Personal Finance 101: Types of Personal Bank Accounts

By David Thompson

Nov 28, 2023 12:56 AM EST

Using an ATM - Hand pressing number(Eduardo Soares on Unsplash) (Credit: Getty Image)

Building good habits around one's finances is essential to maintaining good financial health. Aside from ensuring you have enough to take care of your essentials, these habits also serve as your foundation for better wealth management decisions.

Having and maintaining a bank account is an important part of your everyday finances. As of 2021, most of the United States population already has a bank account, with only a minority of 4.5 percent of households being unbanked.

While we're all likely aware of checking or chequing vs savings accounts, different kinds of bank accounts are available to the general public. Read below for a quick overview of your personal banking options.

Checking Accounts

A checking account is a bank account set up for everyday financial transactions. Aside from brick-and-mortar banking institutions, online banks, credit unions, and other non-bank financial institutions also offer checking accounts.

This type of account allows you to make deposits and withdrawals for everyday use easily. Since they are designed for regular transactions, they don't have high-interest rates like other account types.

Some key features of checking accounts include:

  • Deposits and withdrawals. You can easily deposit money into a checking account and withdraw it as needed.

  • Check writing. Checking accounts often come with checkbooks, allowing holders to write checks for goods and services.

  • Debit cards. Many checking accounts also offer debit cards that account holders can use to pay for online and in-person transactions.

  • Overdraft protection. Some checking accounts offer overdraft protection, which covers transactions that may exceed the current account balance. However, this service may involve fees or interest charges.

Savings Accounts

As the name suggests, a savings account aims to help individuals save money and earn interest on their deposits. This account type is designed for storing money you don't intend to spend immediately.

They often have higher interest rates than other types of bank accounts. These interest rates aim to support the account's primary purpose: saving and growing wealth. The interest rate can vary depending on the bank or financial institution and the type of savings account.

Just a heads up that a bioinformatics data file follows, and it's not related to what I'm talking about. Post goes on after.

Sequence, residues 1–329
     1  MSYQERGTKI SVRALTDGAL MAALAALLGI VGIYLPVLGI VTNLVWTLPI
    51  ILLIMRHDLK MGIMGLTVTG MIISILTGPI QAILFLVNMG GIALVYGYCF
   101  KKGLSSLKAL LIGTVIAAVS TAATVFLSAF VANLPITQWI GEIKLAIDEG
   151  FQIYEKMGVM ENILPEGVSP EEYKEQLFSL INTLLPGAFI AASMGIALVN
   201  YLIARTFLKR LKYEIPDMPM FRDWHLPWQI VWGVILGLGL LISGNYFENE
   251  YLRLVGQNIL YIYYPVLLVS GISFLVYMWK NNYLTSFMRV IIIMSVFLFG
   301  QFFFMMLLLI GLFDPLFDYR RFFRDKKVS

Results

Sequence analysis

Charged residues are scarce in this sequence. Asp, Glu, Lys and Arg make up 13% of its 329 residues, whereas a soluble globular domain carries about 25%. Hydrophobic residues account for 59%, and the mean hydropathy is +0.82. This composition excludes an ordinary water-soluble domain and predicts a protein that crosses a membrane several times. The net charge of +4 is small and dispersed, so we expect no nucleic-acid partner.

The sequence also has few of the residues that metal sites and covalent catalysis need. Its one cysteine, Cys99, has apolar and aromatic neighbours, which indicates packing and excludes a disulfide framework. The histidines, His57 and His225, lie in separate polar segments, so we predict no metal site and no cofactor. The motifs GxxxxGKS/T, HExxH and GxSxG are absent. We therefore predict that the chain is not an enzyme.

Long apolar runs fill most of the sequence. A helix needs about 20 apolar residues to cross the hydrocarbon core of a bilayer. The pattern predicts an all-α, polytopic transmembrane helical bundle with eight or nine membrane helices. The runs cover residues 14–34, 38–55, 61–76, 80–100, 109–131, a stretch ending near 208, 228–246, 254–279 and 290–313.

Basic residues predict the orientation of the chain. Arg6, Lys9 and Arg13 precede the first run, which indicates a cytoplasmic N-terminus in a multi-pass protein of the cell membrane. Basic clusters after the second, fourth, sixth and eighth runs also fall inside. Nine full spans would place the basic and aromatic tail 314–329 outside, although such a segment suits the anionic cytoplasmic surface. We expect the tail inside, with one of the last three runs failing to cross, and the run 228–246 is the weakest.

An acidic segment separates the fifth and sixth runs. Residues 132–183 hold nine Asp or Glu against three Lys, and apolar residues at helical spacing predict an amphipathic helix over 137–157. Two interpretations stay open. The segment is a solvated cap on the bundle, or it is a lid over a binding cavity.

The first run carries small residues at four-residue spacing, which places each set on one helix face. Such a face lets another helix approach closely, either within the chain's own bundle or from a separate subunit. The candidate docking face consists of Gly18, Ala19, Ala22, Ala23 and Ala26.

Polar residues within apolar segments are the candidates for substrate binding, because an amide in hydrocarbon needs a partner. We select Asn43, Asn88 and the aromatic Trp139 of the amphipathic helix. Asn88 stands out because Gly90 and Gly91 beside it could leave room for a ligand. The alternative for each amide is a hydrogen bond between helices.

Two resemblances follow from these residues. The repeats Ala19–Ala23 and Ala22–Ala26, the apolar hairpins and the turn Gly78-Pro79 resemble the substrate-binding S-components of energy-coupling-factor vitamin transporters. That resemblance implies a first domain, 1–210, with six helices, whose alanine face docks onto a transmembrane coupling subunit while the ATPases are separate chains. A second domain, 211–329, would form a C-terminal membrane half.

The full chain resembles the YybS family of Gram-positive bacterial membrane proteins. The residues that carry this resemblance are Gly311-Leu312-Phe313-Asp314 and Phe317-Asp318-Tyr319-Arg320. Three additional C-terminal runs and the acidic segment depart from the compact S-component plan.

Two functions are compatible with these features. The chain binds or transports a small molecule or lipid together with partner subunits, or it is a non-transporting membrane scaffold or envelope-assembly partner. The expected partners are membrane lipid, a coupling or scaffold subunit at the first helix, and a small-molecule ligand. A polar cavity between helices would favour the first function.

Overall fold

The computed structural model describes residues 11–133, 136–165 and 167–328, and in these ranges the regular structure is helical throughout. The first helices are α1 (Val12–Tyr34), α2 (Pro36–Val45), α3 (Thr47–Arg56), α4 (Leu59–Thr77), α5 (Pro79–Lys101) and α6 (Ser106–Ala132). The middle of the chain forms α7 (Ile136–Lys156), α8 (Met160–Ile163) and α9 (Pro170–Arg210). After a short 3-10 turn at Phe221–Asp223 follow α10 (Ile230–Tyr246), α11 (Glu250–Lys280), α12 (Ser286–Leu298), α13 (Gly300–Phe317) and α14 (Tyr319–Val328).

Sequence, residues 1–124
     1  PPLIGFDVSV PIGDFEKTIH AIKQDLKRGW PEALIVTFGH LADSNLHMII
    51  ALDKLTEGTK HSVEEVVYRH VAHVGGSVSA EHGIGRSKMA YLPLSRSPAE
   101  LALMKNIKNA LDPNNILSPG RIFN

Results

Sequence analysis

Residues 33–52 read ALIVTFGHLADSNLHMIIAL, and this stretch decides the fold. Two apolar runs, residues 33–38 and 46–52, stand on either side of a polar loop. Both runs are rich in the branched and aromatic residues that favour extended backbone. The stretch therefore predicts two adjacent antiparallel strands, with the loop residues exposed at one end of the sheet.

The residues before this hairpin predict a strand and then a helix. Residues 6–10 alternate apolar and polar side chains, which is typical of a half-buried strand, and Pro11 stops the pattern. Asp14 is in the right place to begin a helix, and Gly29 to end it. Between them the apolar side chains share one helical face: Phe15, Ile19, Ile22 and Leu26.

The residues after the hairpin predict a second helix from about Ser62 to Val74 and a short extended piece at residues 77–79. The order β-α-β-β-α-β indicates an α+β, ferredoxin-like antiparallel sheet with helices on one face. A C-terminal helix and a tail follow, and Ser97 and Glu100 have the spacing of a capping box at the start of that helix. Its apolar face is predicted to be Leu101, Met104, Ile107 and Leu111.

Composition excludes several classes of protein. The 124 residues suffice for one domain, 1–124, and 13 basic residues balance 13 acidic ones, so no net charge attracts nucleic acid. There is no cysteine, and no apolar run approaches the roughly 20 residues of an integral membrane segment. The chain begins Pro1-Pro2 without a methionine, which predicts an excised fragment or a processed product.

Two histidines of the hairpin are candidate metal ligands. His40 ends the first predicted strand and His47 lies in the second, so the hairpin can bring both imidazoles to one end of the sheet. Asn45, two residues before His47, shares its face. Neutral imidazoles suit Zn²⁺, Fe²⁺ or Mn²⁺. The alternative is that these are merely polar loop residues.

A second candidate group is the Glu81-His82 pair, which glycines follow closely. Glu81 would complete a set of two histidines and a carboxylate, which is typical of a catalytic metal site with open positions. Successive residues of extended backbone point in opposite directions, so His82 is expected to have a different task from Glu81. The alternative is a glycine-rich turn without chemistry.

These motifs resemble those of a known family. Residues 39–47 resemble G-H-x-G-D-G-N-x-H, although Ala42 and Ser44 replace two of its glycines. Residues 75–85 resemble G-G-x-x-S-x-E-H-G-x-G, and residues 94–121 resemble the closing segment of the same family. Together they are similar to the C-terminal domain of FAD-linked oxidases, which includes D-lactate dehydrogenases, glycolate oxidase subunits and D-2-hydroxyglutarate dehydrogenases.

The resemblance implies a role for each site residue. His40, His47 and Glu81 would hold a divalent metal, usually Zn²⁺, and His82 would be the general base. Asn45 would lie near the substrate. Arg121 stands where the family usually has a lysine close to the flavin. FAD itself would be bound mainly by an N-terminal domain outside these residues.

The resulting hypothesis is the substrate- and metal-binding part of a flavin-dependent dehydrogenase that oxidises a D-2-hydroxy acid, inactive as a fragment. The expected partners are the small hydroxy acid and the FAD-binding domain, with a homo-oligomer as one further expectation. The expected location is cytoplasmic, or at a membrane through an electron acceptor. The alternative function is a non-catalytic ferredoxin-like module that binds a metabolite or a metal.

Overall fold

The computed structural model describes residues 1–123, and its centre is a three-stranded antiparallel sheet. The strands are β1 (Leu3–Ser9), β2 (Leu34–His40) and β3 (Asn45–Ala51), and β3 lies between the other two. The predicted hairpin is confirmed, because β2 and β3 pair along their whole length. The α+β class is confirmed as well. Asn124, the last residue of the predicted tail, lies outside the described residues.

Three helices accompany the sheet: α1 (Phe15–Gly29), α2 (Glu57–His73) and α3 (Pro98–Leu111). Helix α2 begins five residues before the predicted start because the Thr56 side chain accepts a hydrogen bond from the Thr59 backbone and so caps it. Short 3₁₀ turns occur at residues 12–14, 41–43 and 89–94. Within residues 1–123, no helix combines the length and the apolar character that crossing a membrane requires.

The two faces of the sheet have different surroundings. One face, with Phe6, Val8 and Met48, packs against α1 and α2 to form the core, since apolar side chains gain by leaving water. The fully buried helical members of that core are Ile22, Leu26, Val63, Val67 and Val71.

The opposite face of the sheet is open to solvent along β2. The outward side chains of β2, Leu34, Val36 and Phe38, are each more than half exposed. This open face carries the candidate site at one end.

Aside from interest rates, here are some other features of savings accounts:

  • Security. Government agencies often insure funds stored in savings accounts. The Federal Deposit Insurance Corporation (FDIC) has insurance for these bank accounts against bank failure in the United States.

  • Limited withdrawals. Savings accounts may have withdrawal limits to discourage spending and encourage long-term saving.

  • Goal-oriented savings. Many banking institutions offer different types of savings accounts with varying interest rates. These goals include saving for emergency funds, a vacation, or preparing for significant purchases.

  • No check writing. Unlike checking accounts, savings accounts do not come with checkbooks and check-writing privileges.

Money Market Accounts

Money market accounts (MMAs) are a type of bank account that combines some features of savings and checking accounts. Funds stored in an MMA can gain interest while providing debit cards and check-writing privileges.

Many MMAs have higher initial deposits and maintaining balance requirements for account holders to enjoy their benefits. For example, MMAs might require an initial deposit of $1000, while savings accounts have little to no initial deposit requirements.

Here are some key features of money market accounts:

  • Interest earnings. Like savings accounts, money market accounts earn interest on the deposited funds. These interest rates are often higher than traditional savings accounts while lower than riskier investments.

  • Liquidity. Funds stored in MMAs offer a high level of liquidity compared to traditional savings accounts or other investment options. Account holders can easily access their money through checks, electronic transfers, or ATM withdrawals.

  • Check writing. MMAs allow account holders to write checks for everyday transactions.

  • Limited transactions. Like savings accounts, some banks may impose transaction limits to encourage saving instead of frequent spending.

Certificate of Deposit Accounts

A Certificate of deposit (CD) account is a type of time deposit offered by banks and other financial institutions. It is a relatively low-risk savings option offering higher interest rates than some savings or checking accounts.

Opening a CD account involves agreeing to leave these funds in place for a set time, called a maturity term. It is within this term that you will earn interest. You can only withdraw these funds at the end of the maturity period.

Here are some other key features of CD accounts:

  • Fixed term. Unlike savings and checking accounts, a CD has a fixed term or maturity period, ranging from a few months to several years. Withdrawals before the set maturity date may result in penalties.

  • High-interest rates. CD accounts generally offer higher interest rates compared to regular savings accounts. You usually get a fixed interest rate for the entire term, providing certainty about the return on investment.

  • FDIC insurance. Like savings accounts, CDs offered by banks in the United States often get insurance from the FDIC up to certain limits. This insurance protects account holders in the event of a bank failure.

Individuals have various options when it comes to setting up a bank account. Understanding each type can help you make appropriate choices that align with your financial needs. You can always set up multiple bank accounts to suit your preferences and financial goals.


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